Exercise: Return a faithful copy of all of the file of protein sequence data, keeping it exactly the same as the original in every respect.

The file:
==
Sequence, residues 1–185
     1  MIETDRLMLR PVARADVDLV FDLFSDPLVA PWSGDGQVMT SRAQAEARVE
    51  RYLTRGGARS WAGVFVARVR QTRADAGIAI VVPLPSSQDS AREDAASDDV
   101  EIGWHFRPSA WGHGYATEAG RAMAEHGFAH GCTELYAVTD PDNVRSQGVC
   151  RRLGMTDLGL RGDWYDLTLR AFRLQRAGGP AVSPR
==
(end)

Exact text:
Sequence, residues 1–185
     1  MIETDRLMLR PVARADVDLV FDLFSDPLVA PWSGDGQVMT SRAQAEARVE
    51  RYLTRGGARS WAGVFVARVR QTRADAGIAI VVPLPSSQDS AREDAASDDV
   101  EIGWHFRPSA WGHGYATEAG RAMAEHGFAH GCTELYAVTD PDNVRSQGVC
   151  RRLGMTDLGL RGDWYDLTLR AFRLQRAGGP AVSPR